According to the second example, the same effects as those of the first example can be obtained, and the correction amount calculation is executed simultaneously with regular writing, thereby reducing a write time as compared with the first example.

THIRD EXAMPLE

This example is an example of executing the operation concerning the first example in accordance with each page.

As shown in FIG. 21, the operation concerning the first example can be executed in accordance with each page.

FOURTH EXAMPLE

This example is an example of executing the operation concerning the second example in accordance with each page.

As shown in FIG. 22, the operation concerning the second example can be executed in accordance with each page.

FIFTH EXAMPLE

As shown in FIG. 23, the fifth example is an example in which bit lines are divided into even-numbered lines and odd-numbered lines. The operations concerning the first to fourth examples of the second embodiment can be also applied to a NAND type flash memory in which a plurality of pages are provided to one word line.

THIRD EMBODIMENT

Speaking strictly, a fluctuation amount of a threshold value due to the proximity effect varies depending on data written in an adjoining memory cell.

A third embodiment relates to a technique which judges whether additional writing is performed in accordance with data written in an adjoining memory cell.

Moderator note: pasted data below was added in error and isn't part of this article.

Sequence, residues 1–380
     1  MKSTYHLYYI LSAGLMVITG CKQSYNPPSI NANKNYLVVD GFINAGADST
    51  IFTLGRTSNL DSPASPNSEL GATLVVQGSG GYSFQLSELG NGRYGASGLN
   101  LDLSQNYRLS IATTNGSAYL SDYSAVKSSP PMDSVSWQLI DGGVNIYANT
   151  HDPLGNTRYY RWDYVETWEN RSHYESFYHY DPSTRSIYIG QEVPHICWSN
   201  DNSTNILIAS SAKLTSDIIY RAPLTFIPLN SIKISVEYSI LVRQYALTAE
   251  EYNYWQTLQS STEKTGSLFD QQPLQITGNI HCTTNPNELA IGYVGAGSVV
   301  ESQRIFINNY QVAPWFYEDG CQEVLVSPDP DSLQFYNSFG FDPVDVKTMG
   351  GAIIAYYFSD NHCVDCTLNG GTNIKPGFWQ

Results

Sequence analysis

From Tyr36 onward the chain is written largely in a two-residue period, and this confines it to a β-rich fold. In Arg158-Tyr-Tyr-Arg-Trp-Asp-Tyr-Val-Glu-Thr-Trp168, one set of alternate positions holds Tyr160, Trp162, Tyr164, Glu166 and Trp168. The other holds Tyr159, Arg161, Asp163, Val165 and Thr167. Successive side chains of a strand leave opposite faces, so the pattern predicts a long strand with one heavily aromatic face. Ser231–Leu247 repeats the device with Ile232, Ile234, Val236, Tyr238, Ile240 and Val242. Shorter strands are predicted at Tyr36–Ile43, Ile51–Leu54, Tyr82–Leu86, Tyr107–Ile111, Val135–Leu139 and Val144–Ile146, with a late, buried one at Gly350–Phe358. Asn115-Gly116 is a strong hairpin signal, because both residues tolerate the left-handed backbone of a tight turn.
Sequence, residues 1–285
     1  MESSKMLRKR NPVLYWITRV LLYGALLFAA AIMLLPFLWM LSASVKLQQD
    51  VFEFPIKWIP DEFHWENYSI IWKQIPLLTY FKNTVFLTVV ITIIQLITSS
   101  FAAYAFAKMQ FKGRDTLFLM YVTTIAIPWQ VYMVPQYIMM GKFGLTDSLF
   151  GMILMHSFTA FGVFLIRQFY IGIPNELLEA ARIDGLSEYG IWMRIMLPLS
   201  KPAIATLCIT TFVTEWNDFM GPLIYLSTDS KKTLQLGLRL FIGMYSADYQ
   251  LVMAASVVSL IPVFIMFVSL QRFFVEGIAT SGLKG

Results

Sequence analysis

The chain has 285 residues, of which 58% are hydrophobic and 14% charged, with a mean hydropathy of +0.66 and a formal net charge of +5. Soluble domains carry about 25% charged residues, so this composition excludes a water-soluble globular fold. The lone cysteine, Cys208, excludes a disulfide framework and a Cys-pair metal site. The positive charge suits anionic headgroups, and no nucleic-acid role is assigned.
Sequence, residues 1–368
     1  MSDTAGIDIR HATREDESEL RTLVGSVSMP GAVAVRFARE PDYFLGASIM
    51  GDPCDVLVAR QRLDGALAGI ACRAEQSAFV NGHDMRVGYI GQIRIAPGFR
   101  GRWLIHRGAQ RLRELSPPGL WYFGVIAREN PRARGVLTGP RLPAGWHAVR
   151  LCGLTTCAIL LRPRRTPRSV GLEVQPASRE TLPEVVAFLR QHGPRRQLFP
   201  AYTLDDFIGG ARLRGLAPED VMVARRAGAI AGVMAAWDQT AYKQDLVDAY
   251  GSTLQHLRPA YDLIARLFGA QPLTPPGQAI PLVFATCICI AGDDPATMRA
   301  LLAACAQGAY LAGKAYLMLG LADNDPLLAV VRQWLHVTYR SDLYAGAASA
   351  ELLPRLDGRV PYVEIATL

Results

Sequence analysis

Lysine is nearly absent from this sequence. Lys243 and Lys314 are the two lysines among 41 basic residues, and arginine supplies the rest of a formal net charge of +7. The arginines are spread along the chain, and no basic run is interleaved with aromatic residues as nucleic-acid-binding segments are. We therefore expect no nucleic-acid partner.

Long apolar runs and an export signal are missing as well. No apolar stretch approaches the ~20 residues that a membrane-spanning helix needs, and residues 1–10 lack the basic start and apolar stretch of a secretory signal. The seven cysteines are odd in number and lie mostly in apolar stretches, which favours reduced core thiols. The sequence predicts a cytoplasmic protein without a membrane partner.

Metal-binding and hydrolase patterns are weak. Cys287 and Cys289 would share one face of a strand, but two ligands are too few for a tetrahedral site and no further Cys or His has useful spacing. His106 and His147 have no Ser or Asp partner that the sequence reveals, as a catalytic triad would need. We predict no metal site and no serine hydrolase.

FIRST EXAMPLE

This example is an example in which the proximity effect occurs between memory cells which are adjacent to each other along a word line direction. In this example, the proximity effect is corrected between memory cells which are adjacent to each other along the word line direction, but the proximity effect is not corrected between memory cells which are adjacent to each other along a bit line direction.

As shown in FIG. 24, it is assumed that data is written in three memory cells MC2o1, MC2e2, MC2o2 which are connected with a word line WL2. The memory cells MC2o1 and MC2o2 are respectively connected with the word line WL2 and an odd-numbered bit line BL2o1 and with the word line WL2 and an odd-numbered bit line BL2o2, and the memory cell MC2e2 is connected with the word line WL2 and an even-numbered bit line BLe2. In regard to a writing order, data is written in the memory cell MC2e2 (I, II), and then data is written in the memory cells MC2o1 and MC2o2 (III, IV). In this example, as modes in which the memory cell MC2e2 is affected by the proximity effect, there are four cases (Case 1 to Case 4). Case 1 to Case 4 will now be described in order.

<Case 1>